42+ Years of Serving Injured Workers in Pennsylvania
For Injured Workers
Representing Those Harmed in Construction Building Collapse Accidents
The recent Philadelphia development boom has given rise to both increased construction of new buildings and restoration of old ones. While this has many benefits for the city, it also puts construction workers at increased risk.
Building collapses have been occurring at an unprecedented rate across Pennsylvania, injuring and claiming the lives of many workers. The experienced workers’ compensation lawyers at Larry Pitt & Associates, P.C. help those injured in all types of work accidents collect the benefits to which they are entitled.
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Philadelphia Workplace Accident Attorneys at Larry Pitt & Associates, P.C. Provide Experienced Representation in Building Collapse Matters
If you were injured in a building collapse or you lost a loved one in a workplace accident, contact an experienced workers’ compensation attorney at Larry Pitt & Associates, P.C. We have been representing clients for more than 40 years, and we can help you obtain maximum compensation for your injuries. For a free consultation, please complete our online contact form or call us at 888-PITT-LAW today. Larry Pitt & Associates helps throughout:
What Causes a Building Collapse?
Buildings may either collapse outwardly due to an explosion or they may collapse inwards as a result of a structural failure or other construction flaw. Some common causes of building collapse include:
- Defective/poor quality products or materials: Materials that are either defective or of poor quality put workers at risk of serious injury if walls collapse.
- Excessive loads: Construction workers often use heavy machinery, which if not operated properly, can contribute to a building collapse.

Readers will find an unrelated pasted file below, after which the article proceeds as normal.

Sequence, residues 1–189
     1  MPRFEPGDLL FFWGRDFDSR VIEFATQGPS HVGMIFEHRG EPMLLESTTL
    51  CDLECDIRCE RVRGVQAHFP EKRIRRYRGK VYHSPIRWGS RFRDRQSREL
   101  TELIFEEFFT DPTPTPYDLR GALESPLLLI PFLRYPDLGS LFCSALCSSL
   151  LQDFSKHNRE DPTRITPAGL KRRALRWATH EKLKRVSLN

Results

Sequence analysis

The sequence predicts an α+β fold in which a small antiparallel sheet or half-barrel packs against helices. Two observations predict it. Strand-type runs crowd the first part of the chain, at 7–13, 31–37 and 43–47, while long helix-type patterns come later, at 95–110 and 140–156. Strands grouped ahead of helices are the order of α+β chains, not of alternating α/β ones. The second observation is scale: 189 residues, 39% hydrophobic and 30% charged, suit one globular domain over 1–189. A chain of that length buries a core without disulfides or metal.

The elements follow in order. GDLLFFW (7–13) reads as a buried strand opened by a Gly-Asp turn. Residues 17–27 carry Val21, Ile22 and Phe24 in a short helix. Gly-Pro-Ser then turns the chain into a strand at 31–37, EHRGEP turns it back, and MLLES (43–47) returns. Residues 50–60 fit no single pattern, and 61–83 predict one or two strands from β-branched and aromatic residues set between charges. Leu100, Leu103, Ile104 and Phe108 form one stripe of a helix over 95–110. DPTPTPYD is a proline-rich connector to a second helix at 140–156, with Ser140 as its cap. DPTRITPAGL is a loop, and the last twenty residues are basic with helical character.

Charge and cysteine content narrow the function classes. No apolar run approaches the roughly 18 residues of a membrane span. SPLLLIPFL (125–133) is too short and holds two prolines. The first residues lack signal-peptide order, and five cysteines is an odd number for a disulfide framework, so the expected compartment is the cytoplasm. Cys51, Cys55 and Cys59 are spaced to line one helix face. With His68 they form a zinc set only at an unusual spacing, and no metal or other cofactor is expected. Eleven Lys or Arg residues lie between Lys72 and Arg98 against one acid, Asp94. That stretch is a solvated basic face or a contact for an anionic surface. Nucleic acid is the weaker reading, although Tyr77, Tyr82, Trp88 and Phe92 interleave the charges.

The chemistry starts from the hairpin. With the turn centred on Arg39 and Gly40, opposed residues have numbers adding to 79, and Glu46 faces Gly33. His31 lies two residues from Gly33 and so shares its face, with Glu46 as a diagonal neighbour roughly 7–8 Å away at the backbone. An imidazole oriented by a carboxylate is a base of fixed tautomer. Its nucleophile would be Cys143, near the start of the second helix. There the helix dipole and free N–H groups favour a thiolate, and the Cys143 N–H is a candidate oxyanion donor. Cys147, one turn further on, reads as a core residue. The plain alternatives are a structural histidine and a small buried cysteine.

- Lack of inspection and maintenance: Construction companies must evaluate the risks of the job site and heed the warnings given to them by authorities; failure to do so may result in catastrophic accidents.
- Poor design: Buildings that are not designed properly may not be able to hold as much weight as expected and therefore may collapse.
- Secondary explosion: Sometimes, an initial explosion’s dust cloud is ignited, thereby causing a secondary explosion.
- Structural instability: If a building’s foundation is not secure or if the soil that the building sits on was not properly prepared, it can collapse at any time.
- Water flooding: The pressure of a flood can compromise a building’s foundation, making it susceptible to collapse.
Dangers of Building Collapses
Building collapse accidents often have catastrophic consequences, such as the 2013 incident at a Philadelphia Salvation Army Thrift Shop, in which six people were killed and 13 were injured when the building next door collapsed during demolition. It was later determined that several egregious safety violations contributed to the collapse.
Some common injuries suffered by those who are involved in building collapses include:
Compensation for Building Collapse Injuries
Workers who are injured in a building collapse may be eligible to collect workers’ compensation benefits under the Philadelphia Workers’ Compensation Act. Notice must be provided to the worker’s employer within 120 days of the accident, preferably as soon as possible and in writing.
- Medical benefits: All reasonable and necessary medical expenses related to the injury are compensable, as well as any approved treatments, medications, and surgeries.
- Wage loss benefits: Workers who miss more than seven days of work may collect wage loss benefits for either total or partial disability.
- Vocational rehabilitation benefits: Counseling and job training are available to help workers re-enter the workforce after their injury.
- Specific loss benefits: Those who suffer certain types of severe injuries, such as facial disfigurement or amputations, may receive a lump sum payment.
- Death benefits: The families of workers who die due to a work-related injury or illness may be entitled to death benefits, including funeral expenses.
In addition to receiving workers’ compensation, injured workers may be able to collect damages such as pain and suffering and emotional distress in a third-party claim. Third-party claims may be filed against manufacturers of equipment, property owners, and other non-employer parties who caused or contributed to the building collapse accident. The statute of limitations for a third-party personal injury claim in Pennsylvania is two years.